Next, we’ll smooth bind the skin to the rig. Lets start with the skinning options first.
So since we have each joint selected we’re going to set to Bind to Selected Joints. We’re going to skin the geometry to the Closest Point in Hierarchy. 4 joints max will have influence over any vert. And the automatic fall off rate it will assign is 2.5 for now. Drop off rate in this case isn’t all that important. It tends to help out more on high poly models. Low poly models are so manageable though that we’ll most likely repaint everything by hand.
So next we’ll edit these skin weights by painting them on. Select just the skin and let’s open up the Paint Skin Weights Tool.
Text and pictures can only explain so much in this area. I’m going to use the tail and some of the head as a general example of what I’ll do for the whole thing. You can see the various joints are listed here. Again, this is another good example of why it’s important to name everything in a scene. You can see if I’m in wire frame I can see what joint I have selected in my paint menu if I’m unsure. To paint weights I’m going to use a solid brush with no feathering. My Paint Operation is set to Replace so I know for sure what I’ve added to each vert. Opacity will be all the way up to 1.
A little pointer on painting skin weights. Using your value and the replace option on you can either paint less weighting or more weighting to a vert. Each vert can only have a grand total of 100% weighting to any joints. So if jointB has 70% weighting, and jointB has the other 30% weight, if we decide to repaint jointB to 45%, it has to take that extra 15% from somewhere. So it would take that 15% from jointA, so we would have 55% weighting on jointA and 45% on jointB.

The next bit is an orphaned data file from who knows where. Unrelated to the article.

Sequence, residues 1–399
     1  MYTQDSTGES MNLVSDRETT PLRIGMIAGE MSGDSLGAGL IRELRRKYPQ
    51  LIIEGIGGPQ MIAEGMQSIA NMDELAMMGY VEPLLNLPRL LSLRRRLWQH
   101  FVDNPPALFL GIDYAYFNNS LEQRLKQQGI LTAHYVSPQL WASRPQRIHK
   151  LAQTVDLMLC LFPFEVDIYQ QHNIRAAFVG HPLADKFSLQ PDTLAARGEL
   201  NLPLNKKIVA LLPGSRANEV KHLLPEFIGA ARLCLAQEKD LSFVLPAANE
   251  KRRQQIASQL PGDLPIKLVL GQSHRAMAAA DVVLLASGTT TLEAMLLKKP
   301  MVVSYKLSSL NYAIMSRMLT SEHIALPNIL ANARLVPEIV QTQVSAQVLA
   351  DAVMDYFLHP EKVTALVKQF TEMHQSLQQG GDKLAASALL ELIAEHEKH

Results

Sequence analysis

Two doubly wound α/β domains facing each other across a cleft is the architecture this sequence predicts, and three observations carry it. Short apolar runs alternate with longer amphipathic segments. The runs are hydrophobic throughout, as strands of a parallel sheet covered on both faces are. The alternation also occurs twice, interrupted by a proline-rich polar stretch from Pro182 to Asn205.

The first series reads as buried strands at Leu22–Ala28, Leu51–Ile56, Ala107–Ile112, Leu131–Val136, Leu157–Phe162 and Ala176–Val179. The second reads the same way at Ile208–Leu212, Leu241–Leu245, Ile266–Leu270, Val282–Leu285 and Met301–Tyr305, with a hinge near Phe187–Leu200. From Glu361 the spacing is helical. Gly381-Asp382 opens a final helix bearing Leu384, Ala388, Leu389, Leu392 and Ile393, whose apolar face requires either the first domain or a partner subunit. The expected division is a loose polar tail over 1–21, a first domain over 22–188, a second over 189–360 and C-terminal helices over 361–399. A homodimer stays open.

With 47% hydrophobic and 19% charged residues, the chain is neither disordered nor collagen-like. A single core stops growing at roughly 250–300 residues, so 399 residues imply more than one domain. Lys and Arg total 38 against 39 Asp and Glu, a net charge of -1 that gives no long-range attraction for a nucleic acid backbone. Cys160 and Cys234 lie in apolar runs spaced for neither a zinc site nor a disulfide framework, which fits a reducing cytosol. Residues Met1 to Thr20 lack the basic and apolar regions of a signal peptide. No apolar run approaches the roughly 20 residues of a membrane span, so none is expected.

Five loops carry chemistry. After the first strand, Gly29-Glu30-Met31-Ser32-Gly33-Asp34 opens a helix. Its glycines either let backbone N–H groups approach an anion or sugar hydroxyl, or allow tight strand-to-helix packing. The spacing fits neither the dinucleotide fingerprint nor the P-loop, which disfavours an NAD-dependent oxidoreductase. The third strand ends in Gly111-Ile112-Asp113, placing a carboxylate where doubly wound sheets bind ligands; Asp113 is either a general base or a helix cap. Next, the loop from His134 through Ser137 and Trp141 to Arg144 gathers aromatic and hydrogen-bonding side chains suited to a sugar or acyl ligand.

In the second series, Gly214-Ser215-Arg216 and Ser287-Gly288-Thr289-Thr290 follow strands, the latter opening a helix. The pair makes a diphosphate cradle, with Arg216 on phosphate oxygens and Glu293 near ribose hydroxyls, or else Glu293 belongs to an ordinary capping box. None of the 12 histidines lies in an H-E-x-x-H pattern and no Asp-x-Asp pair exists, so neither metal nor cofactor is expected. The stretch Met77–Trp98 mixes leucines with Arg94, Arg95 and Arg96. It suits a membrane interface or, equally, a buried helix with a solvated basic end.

But what happens if we instead try to paint less weighting? Is we paint 25% less than what was there, how does it decide where to go? In all honesty it’s not very predictable. It could put it on any of the near by joints, it could evenly spread it across other joints weighted to that vert, or it could do nothing with it so that vert isn’t weighted at all 25% and sticks in space.
The same predictability becomes hard as well if say you have five joints weighted to a vert. Joint A B C and D. What if you want to take 10% off of joint D and add it onto joint A? You could try painting on the extra 10% to joint A, but how does it know which joint to take it from?
If you’re trying to be specific, you can see how things get tricky. The good news is you rarely have to be specific. It’s simply about painting what looks good. But having a little understanding of how the tool is working does help make things more predictable. The approach I tend to take towards it is much like painting. Block everything out fairly solid, and then smooth out the shading from there.
So what I’ll do is start off by painting areas with a value of 1. Sometimes a little bit farther even than I want. After that I’ll paint the verts in between the joints. Say I paint a middle edge with 50%. I know I’ve added 50% to one joint and took 50% from the other. From there I’ll keep working my way out lower and lower in value. The most predictable way I’ve found to paint weights is to only replace weights and to only replace with a value higher than what was there. If you mess up, try to use the undo command rather than fix things by hand and repaint them yourself.
Make sure as your going to put your rig in the various posed it’ll need to achieve. You can paint and modify the weights in these poses. Just make sure to put the rig back in its default position as you go. Again another good reason to have zeroed out rotations before you skin.